In the Glenderaterra valley to the west of Blease Fell were Brundholme and Blencathra mines. Lead, copper and baryte were raised between the middle of the 19th century and the final closure in 1920.
The highest point is directly above the Hallsfell spur, marked by a trig point, in the form of a concrete ring. A good path connects the five summits on the main ridge, giving excellent views down the south-east face. Northward on the fine turf of the 'saddle' is a large cross laid out in white stones. Its origin is uncertain, but extension to its current size (in excess of 10 ft) is attributed to a Harold Robinson of nearby Threlkeld, a frequent visitor in the years after the Second World War.
The view is very extensive, enhanced in every direction by the sharp fall of the slopes from the summit. To the west is the bulk of Skiddaw, and from west round to north-east the Back o’Skiddaw fells make up the foreground, backed by the mountains of Galloway, the Southern Uplands, the Border hills and the Cheviots.
The Pennines form the horizon from north-east to south-east, with Cross Fell, Mickle Fell, Wild Boar Fell and Great Whernside visible. To the south-east are the Far Eastern Fells and to the south the Helvellyn range is seen end-on, with vistas of the Forest of Bowland and North Wales to its left and right respectively.
The skyline from south to WSW is the best feature: a serrated skyline of all the major Lakeland peaks, these being, clockwise, Coniston Old Man, Crinkle Crags, Bowfell, Esk Pike, Scafell Pike, Great Gable, Kirk Fell, Pillar, High Stile, Grasmoor and Grisedale Pike. To the right of this, the Isle of Man and the Mourne Mountains are visible on clear days.
Blencathra is a popular mountain, and there are many different routes to the summit. One of the most famous is via Sharp Edge, a knife-edged arête on the eastern side of the mountain. Sharp Edge provides some good scrambling for those with a head for heights. Hall’s Fell ridge, on Blencathra’s southern flank, also provides an opportunity for some scrambling, though of a less serious nature. Alfred Wainwright described the ascent from Threlkeld via Hall's Fell ridge as ‘positively the finest way to any mountain-top in the district’.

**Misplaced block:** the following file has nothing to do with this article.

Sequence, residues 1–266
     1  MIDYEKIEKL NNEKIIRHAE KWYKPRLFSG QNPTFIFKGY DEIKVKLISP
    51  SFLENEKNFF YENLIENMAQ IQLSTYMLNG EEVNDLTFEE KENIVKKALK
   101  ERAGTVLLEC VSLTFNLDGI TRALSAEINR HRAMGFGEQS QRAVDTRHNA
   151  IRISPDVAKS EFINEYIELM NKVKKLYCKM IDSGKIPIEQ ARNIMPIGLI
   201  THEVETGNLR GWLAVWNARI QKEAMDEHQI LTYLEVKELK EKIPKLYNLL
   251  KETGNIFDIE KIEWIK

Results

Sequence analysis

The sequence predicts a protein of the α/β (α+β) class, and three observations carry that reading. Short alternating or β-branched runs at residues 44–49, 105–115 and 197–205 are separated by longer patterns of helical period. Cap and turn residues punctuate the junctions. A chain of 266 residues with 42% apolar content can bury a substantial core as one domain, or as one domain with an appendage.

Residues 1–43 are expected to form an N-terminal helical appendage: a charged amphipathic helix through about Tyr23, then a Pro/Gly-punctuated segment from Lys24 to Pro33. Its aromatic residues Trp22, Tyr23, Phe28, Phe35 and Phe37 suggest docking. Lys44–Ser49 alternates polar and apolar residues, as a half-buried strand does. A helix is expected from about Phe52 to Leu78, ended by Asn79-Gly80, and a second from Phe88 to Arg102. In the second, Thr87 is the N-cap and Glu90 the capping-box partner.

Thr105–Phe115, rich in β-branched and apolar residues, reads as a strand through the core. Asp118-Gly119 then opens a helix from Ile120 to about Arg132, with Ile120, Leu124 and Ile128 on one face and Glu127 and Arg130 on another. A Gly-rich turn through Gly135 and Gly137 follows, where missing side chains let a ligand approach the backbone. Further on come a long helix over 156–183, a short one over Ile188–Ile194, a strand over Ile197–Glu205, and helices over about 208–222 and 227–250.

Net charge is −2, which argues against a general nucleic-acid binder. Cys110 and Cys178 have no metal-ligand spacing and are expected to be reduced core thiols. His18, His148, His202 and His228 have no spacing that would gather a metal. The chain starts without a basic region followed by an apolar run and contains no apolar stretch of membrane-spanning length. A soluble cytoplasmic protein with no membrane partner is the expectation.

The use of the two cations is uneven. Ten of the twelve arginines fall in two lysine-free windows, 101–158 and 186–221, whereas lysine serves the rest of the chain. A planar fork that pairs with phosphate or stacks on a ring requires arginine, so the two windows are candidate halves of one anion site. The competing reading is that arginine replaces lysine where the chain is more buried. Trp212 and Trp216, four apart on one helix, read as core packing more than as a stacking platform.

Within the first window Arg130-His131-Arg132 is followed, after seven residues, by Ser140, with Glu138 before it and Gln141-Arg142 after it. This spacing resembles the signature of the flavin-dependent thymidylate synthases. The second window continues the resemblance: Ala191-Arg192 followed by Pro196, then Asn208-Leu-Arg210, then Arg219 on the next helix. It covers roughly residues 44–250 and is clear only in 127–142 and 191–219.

Wainwright recorded more routes of ascent for Blencathra than any other fell. Blease Fell and Scales Fell provided easy walking on grass and fast routes of descent. Gategill Fell he noted as dull until the final arête is reached, while Hallsfell and Doddick Fell both received praise. Of the intervening gills, Scaley Beck was reckoned the most practicable, the other three being overly rough and devoid of interest. An ascent from ‘behind’, beginning from Mungrisdale, was also described.
In May 2014, its owner, Hugh Lowther, 8th Earl of Lonsdale, listed the entire mountain massif plus the Lordship of the Manor of Threlkeld for sale, at a guide price of £1.75 million. The sale was started in order to pay inheritance tax. A number of offers were soon made for the mountain, and the agent handling the sale suggested that the initial guide price could well be exceeded.
A community group, Friends of Blencathra, was set up in response to the announcement of the fell being listed for sale, and began fund-raising in order to make a bid. Mountaineer Sir Chris Bonington, broadcaster Melvyn Bragg and adventurer and television presenter Ben Fogle were among those to voice support for the group's bid. The National Trust (which owns 21% of the Lake District National Park) also backed the Friends of Blencathra, stating that it would not be placing a bid itself.
Eden District Council listed Blencathra as an asset of community value on 7 July 2014, following a nomination by Friends of Blencathra. This was the first time the 'community asset' status had been given to a mountain, and gave the community group more time to secure funding and negotiate with the owner.
In November 2015, the community group claimed to be making progress with the sale. Days later, H and H Land & Property, the estate agents handling the sale of Blencathra, announced the mountain was no longer on the market, claiming it would not be available to purchase for an 'indefinite' period of time. On 15 February 2016, Companies House published files confirming Friends of Blencathra had only raised £246,650 of the asking price in its first year of campaigning.
Due to a lack of "serious" offers, Blencathra was withdrawn from sale in May 2016, as the Earl had found other means of paying the tax. Following this, the Friends of Blencathra were given an ultimatum to make a final serious offer following concerns from donors that they would not see any result from the charity, and decided to end their campaign. Residual money from the fund disclaimed by contributors, totally around £100,000, was later donated to five selected local charities. The Friends of Blencathra was wound up in 2019.